The Dad I Am vs. The Dad I Want to Be

 

by Serge Bielanko

The Dad I Am vs. The Dad I Want to Be was originally published on Babble.com and has been reprinted with permission.


I guess the fatherhood bar was set low for me to start with.

From the time I was around 9 years old, my own father was gone from my life, disappearing into the night, not to be heard from again for the next two decades. So becoming a dad myself, I had very little to go on, really. I only knew the worst case scenario. And I only knew I wanted to be the opposite of that.

But now, with three kids of my own — ages 6, 4, and 1 — I find myself struggling at times with measuring up to my own high expectations. It would be easy for me to say, “Well, I’m doing better than MY dad ever did,” but that wouldn’t really be saying much …

The problem is: I want to be the very best father humanly possible for Violet, Henry, and Charlie. I want to ooze magic and reek of love. I want them to take one look at me first thing in the morning and see their eyeballs shoot sparks of affection across the kitchen table.

And yet, almost anyone can tell you that isn’t how parenting goes. So where do I find the inner peace I’m craving? I’m haunted by the years I spent without a father; I want so badly to do everything right as a dad and then when things don’t go right — common things, regular stuff — I come down hard on myself.

If I have to holler at my kids sometimes (a lot of times!), I feel lingering guilt that hangs around at the corners of Conscience and Cool. I have long talks with myself about always handling every, single situation that arises with my kids with my own modern version of glorified Zen, but then something really does happen and I panic.

Someone pulls someone’s hair or I burn the dinner while I’m trying to change a diaper, and I end up getting panicked and overreacting or feeling as if I must be doing something really wrong for all this chaos to be unfolding around me.

I’m being kind of crazy — I know, I know.

Maybe it’s because I’ve been divorced nine months now and I only get to have my three kids for half of every week. That isn’t enough time! It isn’t fair! I want to have them in my arms, in my eyeballs, 24/7. What good dad wouldn’t?!

On the other hand, by the time they’re ready to head back to their mom’s, well, I’m exhausted, a shell of the chipper dude I was when they banged through the back-screen door three or four days ago. Then the very fact that a part of me is so ready for a break makes me wonder if I’m doing my best or not. If I’m being the dad I want to be, how in the world could I ever be ready for them to leave me?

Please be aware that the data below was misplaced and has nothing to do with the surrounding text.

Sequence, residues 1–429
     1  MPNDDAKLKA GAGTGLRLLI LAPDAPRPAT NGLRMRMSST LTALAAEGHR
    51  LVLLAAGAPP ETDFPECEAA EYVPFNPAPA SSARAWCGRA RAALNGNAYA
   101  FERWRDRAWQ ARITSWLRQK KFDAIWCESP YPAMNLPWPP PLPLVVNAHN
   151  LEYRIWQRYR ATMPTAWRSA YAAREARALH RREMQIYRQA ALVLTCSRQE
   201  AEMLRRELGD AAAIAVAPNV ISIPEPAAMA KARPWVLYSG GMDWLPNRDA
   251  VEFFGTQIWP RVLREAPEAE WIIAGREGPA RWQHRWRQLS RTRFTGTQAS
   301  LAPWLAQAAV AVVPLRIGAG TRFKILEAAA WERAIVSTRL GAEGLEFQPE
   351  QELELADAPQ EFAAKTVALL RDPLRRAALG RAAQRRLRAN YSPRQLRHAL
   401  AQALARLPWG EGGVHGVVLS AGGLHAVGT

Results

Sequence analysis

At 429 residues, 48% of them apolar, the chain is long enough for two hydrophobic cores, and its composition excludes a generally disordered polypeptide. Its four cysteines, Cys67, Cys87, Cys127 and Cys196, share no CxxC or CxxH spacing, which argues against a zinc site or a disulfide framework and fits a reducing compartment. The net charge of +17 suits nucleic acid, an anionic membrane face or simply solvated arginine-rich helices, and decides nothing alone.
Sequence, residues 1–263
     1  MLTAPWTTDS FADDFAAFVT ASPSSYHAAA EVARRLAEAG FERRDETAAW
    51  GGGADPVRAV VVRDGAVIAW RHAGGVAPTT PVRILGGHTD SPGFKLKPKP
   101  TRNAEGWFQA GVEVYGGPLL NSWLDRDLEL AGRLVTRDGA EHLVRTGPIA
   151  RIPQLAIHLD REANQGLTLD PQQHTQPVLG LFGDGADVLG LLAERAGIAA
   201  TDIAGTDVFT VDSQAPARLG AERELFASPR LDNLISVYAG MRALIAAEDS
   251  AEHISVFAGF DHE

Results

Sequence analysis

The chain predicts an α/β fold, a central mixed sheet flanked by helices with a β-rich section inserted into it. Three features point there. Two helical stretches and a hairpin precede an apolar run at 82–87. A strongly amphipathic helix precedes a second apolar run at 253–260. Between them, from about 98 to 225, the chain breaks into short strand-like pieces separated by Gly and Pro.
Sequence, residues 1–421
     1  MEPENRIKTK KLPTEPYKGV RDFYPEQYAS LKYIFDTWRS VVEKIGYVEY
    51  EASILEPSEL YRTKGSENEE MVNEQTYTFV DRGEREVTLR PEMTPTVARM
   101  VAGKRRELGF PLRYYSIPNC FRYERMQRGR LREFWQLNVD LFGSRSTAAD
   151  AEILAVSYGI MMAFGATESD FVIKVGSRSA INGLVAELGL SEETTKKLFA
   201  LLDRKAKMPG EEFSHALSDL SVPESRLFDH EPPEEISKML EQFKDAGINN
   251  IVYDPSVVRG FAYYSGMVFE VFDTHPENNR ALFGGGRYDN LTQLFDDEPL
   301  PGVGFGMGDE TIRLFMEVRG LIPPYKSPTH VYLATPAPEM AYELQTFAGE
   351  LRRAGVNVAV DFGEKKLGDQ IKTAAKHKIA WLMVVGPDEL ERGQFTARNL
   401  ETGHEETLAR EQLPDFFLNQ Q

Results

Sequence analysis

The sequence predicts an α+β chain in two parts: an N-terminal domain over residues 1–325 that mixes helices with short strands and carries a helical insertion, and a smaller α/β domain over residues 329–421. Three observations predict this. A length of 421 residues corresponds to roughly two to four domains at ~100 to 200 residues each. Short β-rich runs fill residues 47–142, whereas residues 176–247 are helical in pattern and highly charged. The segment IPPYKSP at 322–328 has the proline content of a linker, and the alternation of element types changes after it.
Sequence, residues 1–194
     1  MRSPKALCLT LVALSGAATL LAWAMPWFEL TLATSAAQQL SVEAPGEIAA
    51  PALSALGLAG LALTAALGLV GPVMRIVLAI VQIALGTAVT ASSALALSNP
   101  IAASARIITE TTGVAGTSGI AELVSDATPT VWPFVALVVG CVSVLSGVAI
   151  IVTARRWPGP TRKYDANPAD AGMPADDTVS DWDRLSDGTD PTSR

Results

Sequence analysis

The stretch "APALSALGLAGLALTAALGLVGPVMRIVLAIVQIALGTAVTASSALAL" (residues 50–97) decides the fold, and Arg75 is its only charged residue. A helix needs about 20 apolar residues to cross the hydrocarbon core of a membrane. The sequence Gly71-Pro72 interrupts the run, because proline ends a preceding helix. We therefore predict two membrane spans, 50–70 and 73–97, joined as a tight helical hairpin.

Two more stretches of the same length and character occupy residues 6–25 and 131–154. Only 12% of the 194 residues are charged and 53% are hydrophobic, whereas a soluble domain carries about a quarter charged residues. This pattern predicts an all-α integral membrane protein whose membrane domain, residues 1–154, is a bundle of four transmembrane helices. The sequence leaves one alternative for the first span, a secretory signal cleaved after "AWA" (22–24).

It’s so confusing. I get so confused.

Still, deep inside of me somewhere there is a tiny voice of reason, and I thank the universe for that. Whenever I’m starting to dig too deep down through the layers of my own psychobabble, questioning my worth as their daddy and wondering why I can’t be perfect all the time (or ever, to be honest), I hear the voice calling out to me from downstairs in my gut:

“Relax, man! You’re doing okay. You’re doing it right.”

“How do I know though?” I say back.

“Because, Daddy-O! Look at those kids sleeping there on your bed, their bellies full of noodles, their heads full of crazy-cool dreams!”

“Yeah, I see them,” I respond.

“Well then that’s all you NEED to see, pops. Those kids of yours, they’re doing fine. And that means YOU’RE doing fine, too! So lay off the whole ideal thing for a while. Nobody is way out ahead of you when it comes to all this fathering stuff. So you’re financially strapped and not as patient as you’d like at times and you are guilty as heck of not always cooking homemade meals at supper time … so what?! That’s what being a dad is all about! You have to cut corners and fall on your face, bud. You simply have to want to do better, man … and right then you’ll know you’re already doing the very best that you can.”

And that’s enough for me. I smile a little smile, let out a built-up sigh, and kiss all three of them on their freshly washed sleepy heads.

I’m the dad I want to be just by being the dad that I already am.


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Serge Bielanko's website is sergebielanko.com. Follow him on FacebookTwitter and Instagram.